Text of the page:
Yeah, Shawn, that Brooks column was enough to make me abandon my blood feud with Ross Douthat. What I resent in Brooksian anti-populism is the insinuation that ordinary Americans are not fit judges of their own self-interest, and the hidden assumption that the interests of the elite are the only interests that matter.
In February 2006, when the battle over the (first) immigration bill was just beginning to strike sparks, I found myself in a casual conversation with Mark Krikorian, who explained the political conflict simply as between the Elites (in both parties) vs. Everybody Else. I spent that spring doing a lot of talk radio interviews as part of a book promotion and, even though the book wasn’t about immigration, I was frequently asked to respond to the issue. This was because the audience was extremely interested in the issue, and the audience was overwhelmingly against any amnesty for illegals.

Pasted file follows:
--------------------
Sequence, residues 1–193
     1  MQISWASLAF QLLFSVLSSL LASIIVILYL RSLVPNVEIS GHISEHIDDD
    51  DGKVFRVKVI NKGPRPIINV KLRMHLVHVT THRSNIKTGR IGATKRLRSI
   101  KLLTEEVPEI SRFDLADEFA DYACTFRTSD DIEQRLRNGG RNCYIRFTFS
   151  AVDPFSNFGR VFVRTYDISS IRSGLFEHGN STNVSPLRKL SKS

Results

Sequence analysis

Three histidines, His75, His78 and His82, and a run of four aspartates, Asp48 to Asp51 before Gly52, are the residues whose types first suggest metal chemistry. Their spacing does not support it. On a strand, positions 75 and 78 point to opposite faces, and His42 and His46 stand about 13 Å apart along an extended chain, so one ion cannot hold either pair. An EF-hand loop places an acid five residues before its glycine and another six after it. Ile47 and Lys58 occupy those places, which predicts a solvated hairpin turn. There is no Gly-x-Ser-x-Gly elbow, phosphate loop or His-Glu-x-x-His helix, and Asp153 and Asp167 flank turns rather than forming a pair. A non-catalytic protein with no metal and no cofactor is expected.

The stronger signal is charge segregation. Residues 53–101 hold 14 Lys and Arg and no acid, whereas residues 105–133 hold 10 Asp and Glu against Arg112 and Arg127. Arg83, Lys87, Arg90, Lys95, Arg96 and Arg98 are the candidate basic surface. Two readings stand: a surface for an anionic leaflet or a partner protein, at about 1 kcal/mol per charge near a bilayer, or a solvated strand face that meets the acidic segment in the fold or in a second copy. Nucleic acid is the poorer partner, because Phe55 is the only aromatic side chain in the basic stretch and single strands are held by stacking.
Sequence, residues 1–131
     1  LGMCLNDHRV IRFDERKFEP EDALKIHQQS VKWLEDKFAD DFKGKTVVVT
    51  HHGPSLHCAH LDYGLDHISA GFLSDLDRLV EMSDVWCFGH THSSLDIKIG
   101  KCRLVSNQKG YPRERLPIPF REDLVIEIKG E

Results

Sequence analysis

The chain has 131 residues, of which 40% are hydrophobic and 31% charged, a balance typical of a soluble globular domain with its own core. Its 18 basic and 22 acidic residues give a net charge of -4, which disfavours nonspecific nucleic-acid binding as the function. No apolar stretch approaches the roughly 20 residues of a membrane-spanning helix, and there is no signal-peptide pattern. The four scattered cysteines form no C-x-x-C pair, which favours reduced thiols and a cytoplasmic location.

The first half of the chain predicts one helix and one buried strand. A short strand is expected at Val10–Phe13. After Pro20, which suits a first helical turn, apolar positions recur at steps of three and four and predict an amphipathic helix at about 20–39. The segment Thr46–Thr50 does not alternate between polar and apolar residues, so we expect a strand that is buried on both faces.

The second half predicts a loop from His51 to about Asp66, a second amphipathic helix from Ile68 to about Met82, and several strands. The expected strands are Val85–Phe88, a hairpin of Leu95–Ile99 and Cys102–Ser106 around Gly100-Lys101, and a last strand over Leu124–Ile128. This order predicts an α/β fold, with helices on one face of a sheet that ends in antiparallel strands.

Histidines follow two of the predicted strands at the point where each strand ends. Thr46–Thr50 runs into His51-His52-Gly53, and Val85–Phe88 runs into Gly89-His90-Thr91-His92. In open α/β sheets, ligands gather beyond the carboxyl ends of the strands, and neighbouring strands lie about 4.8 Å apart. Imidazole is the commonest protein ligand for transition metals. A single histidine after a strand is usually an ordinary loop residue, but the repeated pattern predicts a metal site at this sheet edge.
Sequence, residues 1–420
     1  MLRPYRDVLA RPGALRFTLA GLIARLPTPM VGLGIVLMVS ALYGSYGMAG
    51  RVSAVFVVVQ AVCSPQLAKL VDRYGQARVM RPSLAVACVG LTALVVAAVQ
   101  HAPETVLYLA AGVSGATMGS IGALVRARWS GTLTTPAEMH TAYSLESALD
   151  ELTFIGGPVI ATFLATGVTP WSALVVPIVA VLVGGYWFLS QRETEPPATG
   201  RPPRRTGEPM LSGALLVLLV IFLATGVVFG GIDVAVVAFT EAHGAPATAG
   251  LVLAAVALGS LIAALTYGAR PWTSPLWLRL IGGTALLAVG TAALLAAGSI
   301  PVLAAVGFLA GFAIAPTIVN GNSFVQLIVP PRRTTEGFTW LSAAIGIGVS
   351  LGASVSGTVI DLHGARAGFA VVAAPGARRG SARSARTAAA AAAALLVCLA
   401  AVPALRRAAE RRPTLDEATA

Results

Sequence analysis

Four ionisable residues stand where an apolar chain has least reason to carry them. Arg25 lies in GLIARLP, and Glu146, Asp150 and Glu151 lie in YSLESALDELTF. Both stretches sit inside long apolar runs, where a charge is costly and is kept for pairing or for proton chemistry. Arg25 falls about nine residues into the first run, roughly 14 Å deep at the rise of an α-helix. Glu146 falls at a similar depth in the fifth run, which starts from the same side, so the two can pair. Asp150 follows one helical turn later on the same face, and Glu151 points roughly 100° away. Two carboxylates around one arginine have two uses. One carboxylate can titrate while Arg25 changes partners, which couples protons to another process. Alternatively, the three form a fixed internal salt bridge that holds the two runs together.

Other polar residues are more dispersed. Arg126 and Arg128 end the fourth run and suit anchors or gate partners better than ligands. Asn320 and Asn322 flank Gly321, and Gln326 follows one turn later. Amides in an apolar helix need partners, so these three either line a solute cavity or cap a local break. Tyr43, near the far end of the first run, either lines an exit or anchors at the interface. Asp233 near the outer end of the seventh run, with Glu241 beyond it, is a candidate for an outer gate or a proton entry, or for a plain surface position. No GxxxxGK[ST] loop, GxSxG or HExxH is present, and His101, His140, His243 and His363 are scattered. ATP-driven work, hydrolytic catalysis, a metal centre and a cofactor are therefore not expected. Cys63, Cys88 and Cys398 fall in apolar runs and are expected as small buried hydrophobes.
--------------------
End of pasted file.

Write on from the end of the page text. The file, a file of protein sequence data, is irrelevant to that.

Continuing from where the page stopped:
Ordinary Americans believe that illegal immigration is harmful to their interests, they vehemently oppose amnesty, and no amount of argument is ever going to convince them otherwise. Yet, for the Brookses of the world, it seems as if this very fact of populist opposition constitutes proof that amnesty is the way to go: “If the knuckle-dragging troglodytes in flyover country hate it, it must be good.”
The same calculus seems to be at work in the bailout debate. It apparently never occurs to elite journalists that what’s good for elite journalists in Washington and New York is not necessarily good for truck drivers in Tulsa and Tupelo. Rather, the chattering classes attribute this to the presumed ignorance of the benighted plebes.
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